06 October, 2011

{this memory} 20

Wow! What an attractive American family - two loving parents with two beautiful young daughters and on the road in 1989.

Does it look hot? It ought to look hot. It was hot! We are in the gardens behind the Royal Palace of Caserta, about 20 miles north of Naples, Italy. Trust me - that Mediterranean sun in late July is, well, hot.

Did I say it was hot? The sun just beat you into submission that day.

Did I say gardens? More like a park. Almost 300 acres and two miles in length. Although similar, it is widely believed to be superior in beauty to the park at Versailles. One of the things I remember vividly is that it was so hot, my girls weren't really up for the excursion. The younger one insisted on being carried everywhere. Sure - that cooled us down. If the truth be told though, I would jump at the chance to carry her around again. Tempus fugit.

Inspired by the Versailles, Charles VII of Naples began construction of this palace in 1752. Never heard of him or it you say? Maybe not, but you've probably seen it. The Palace was used as the location for Queen Amidala's Royal Palace on Naboo in the 1999 film Star Wars Episode I: The Phantom Menace and in the 2002 film Star Wars Episode II: Attack of the Clones as Queen Jamilla's palace. The same room was also used in Mission: Impossible III as Vatican City, and the main staircase is used in Angels & Demons as the Vatican's staircase.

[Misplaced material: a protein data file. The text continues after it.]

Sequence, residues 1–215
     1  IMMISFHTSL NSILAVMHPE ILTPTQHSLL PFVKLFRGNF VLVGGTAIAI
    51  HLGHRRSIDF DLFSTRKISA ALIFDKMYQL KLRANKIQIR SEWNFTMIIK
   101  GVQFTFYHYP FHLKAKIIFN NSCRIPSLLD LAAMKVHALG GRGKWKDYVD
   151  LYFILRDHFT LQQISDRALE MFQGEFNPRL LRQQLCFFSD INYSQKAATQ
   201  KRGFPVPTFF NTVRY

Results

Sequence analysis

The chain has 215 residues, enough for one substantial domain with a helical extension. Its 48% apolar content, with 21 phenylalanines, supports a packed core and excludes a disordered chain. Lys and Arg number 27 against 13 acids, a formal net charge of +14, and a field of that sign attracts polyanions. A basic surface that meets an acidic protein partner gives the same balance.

My other memory of this day was what happened at the train station. We were traveling by chartered buses as a large group of American and Italian students. After our tour of the palace, we had all returned to the buses where many sacked out. Even the Italians were worn out by the heat! One of the Italian parents rounded up a small group of us and said lets go over to the train station where there was place we could get something to drink. I jumped at the opportunity while my three ladies were resting.

I had just finished one of those wonderful Italian concoctions and was standing on the train platform waiting for the others. I looked up and saw the station sign "CASERTA," and it hit me. My wife is Italian. Her father was born in Italy. Her mother's parents were also born in Italy, and they immigrated from very near Caserta. Surely I was standing on the platform where her maternal grandparents said there last good-byes to the area they called home.

I later told my wife where I went, and of course, we both wished she had been with me. Had I known the café was going to be in that train station, I would certainly have suggested it to her. I know it would have been a most special experience for her.